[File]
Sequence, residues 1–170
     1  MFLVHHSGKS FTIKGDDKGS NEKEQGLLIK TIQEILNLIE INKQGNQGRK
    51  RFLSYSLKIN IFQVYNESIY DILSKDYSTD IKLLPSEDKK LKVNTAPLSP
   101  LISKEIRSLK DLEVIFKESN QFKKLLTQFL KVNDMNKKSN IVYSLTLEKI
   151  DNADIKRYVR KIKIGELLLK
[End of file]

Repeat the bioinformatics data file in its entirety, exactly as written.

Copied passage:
Sequence, residues 1–170
     1  MFLVHHSGKS FTIKGDDKGS NEKEQGLLIK TIQEILNLIE INKQGNQGRK
    51  RFLSYSLKIN IFQVYNESIY DILSKDYSTD IKLLPSEDKK LKVNTAPLSP
   101  LISKEIRSLK DLEVIFKESN QFKKLLTQFL KVNDMNKKSN IVYSLTLEKI
   151  DNADIKRYVR KIKIGELLLK